Q: I have health insurance through my employer to protect my family. What is the difference between a co-pay, co-insurance, premium and a deductible?
A: There are many expenses related to health insurance. Let's review the most common terms to understand better what the different terms refer to.
Premium: This is the monthly cost of your insurance in order to provide the health insurance coverage for you and/or your family. Often times your employer will pay a portion of the premium as part of your employee benefits and you pay the balance of this cost. Your portion of the premium may be divided up and automatically deducted from each paycheck or may be paid in one monthly payment.
Deductible: Having a deductible to meet is nothing new to the insurance world. The deductible amount is what must be paid first before co-pays and possibly co-insurance take effect. A deductible ''starts over'' after 12 months; typically the first of the year. Some insurance plans cycle at other times of the year but it is always for a 12-month period. A deductible is an additional cost beyond the premium.
More plans than ever before have deductibles as a part of their structure. In addition, we are seeing much larger deductibles for consumers to meet. This is primarily to help manage monthly premiums. Premiums are typically smaller if the deductible is higher. Think of it this way: if you don't use your insurance, financially you win. If you do use your insurance, meeting the deductible can be a challenge particularly early in the year (cycle) when the deductibles ''start over.''
Co-Pay: A co-pay is determined by your insurance company and not a healthcare provider. This fee is charged for each visit and is expected to be paid at the time of service rather than billed. Co-pays do not get applied towards the deductible. You will not pay a co-pay until your deductible has been met. Then the co-pays take effect. Co-pays can vary depending on the type of services you are receiving. A good example is a co-pay for an office visit with your primary care physician may be $20 while seeing a specialist could be $45 per visit. A visit to the emergency room may be $100 while a co-pay for a generic prescription may be $15.
Co-insurance: When you visit a healthcare provider, that office bills your insurance company their charge for services rendered. Each insurance company determines their own fee schedule. The same services provided to three patients with different insurance companies will pay the provider different amounts. In most cases, healthcare providers will not know ahead of time how much a particular insurance company will deem appropriate fees for services. The term co-insurance is used to describe the percentage your insurance company expects you to pay. This could be in addition to a co-pay and could be 20 percent or even more.
Some insurance plans do not have a co-insurance and once the deductible is met and the co-pay is paid, they pay everything over and above that at 100 percent.
Medicare: In recent years, many health insurance providers have established their own plans to replace or supplement traditional Medicare as offered through the government. These plans each have their own monthly premiums and set of co-pays and stipulations. Before you make the decision to consider any insurance plan for your needs, be sure to ask lots of questions and understand the structure of the plan you are selecting. One size does not fit all. Insurance counseling is available through the Office for the Aging and Janell Sluga at Lutheran Social Services. It's a good idea to have someone help you select the plan that fits your needs rather than be surprised with high co-pays you weren't expecting.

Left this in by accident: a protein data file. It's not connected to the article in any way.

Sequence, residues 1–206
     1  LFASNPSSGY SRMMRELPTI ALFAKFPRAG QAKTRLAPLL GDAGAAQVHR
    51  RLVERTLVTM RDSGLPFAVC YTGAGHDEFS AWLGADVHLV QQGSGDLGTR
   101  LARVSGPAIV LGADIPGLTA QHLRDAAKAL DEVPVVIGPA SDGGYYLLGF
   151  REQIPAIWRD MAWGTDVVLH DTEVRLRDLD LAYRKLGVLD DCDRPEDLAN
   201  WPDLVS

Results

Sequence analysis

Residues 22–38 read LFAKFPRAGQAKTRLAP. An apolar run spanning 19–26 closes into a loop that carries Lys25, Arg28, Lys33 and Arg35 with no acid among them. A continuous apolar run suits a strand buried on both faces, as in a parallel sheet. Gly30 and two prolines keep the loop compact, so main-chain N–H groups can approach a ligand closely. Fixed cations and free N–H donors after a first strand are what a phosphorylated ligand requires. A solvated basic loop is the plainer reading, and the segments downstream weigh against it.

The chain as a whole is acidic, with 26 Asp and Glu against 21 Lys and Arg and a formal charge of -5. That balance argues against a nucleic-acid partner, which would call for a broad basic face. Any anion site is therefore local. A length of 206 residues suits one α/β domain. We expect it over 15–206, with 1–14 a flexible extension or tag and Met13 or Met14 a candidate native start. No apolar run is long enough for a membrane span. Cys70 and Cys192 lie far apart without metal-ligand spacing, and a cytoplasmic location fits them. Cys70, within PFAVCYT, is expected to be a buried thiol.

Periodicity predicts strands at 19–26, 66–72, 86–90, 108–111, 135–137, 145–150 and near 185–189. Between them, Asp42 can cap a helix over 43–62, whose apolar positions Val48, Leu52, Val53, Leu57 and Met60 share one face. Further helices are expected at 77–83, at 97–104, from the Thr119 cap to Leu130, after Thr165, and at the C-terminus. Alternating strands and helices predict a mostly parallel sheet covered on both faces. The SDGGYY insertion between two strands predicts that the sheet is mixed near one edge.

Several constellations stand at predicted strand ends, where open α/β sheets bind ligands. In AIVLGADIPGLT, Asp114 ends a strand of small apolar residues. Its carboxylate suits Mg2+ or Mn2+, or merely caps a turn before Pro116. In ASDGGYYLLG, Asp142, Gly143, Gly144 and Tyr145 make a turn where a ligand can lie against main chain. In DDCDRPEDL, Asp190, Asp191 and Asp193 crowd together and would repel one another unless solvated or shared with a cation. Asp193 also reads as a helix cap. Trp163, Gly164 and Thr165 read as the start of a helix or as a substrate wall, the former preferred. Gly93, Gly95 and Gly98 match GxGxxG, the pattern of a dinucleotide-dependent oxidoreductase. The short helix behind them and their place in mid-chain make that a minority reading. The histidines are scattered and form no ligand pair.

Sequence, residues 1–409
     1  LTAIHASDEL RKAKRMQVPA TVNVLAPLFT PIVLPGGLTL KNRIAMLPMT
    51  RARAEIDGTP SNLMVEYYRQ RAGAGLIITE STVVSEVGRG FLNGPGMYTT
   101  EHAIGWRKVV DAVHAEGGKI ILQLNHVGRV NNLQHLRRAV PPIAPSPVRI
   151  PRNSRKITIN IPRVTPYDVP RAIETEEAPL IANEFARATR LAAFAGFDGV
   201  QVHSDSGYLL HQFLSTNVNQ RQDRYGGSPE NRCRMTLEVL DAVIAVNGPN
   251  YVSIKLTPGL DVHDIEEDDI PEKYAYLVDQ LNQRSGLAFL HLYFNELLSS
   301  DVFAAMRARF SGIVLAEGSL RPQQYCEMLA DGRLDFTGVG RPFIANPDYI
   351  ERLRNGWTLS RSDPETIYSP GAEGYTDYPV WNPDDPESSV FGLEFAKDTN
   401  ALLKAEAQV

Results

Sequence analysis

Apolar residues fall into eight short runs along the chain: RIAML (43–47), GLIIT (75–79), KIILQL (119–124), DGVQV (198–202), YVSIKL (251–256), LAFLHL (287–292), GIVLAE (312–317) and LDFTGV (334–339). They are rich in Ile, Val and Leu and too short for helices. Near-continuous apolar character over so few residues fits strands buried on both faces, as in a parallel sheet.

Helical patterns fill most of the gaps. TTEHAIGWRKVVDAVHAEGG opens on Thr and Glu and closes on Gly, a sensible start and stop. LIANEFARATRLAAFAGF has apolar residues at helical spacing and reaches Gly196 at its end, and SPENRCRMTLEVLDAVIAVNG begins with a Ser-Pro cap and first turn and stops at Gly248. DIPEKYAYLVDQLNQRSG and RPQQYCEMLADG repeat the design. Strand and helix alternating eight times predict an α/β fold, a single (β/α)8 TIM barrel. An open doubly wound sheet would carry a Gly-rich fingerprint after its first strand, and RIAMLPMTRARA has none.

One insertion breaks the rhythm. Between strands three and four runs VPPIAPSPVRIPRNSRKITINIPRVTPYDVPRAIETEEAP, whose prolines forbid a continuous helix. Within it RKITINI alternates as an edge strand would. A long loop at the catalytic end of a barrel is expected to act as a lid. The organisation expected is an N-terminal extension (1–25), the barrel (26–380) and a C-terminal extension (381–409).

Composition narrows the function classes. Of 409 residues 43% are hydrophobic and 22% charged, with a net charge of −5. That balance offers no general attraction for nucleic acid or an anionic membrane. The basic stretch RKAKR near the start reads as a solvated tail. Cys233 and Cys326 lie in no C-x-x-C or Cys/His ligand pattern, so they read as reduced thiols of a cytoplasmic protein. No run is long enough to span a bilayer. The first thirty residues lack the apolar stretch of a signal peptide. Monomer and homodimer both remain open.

Understanding your benefit: Many of us struggle to understand the insurance coverage and the financial responsibilities we are agreeing to. We urge all of our patients to contact their insurance company to ask questions about coverage, co-pays, deductible, co-insurance and even services that may need to be authorized by your insurance carrier. Remember, you are the customer and have every right to fully understand your health insurance benefits. We urge our patients to call the number on the back of their insurance card to inquire about the specifics of their unique plan. It can be complicated to understand. You should get an ''Explanation of Benefits'' (EOB) from your insurance company to help you understand the amount that was invoiced by the provider and the amount ''allowed'' that is determined by the unique insurance plan. But even if it's not the answer you were hoping for, understanding your benefit is your right as a customer of the insurance company.
As a premier provider of physical and occupational therapy in our community for more than 10 years, we have helped thousands of patients improve function and relieve pain through individualized treatment programs. Physical and occupational therapists evaluate and address the underlying cause of a patient's pain or dysfunction using a diagnostic approach. We offer free consultations, have convenient hours and accept most insurance plans.
Chautauqua Physical & Occupational Therapy is located in the Riverwalk Center, 15 S. Main St., Suite 220, Jamestown, NY 14701. For more information, call 488-2322, email firstname.lastname@example.org or visit www.chautauquapt.com.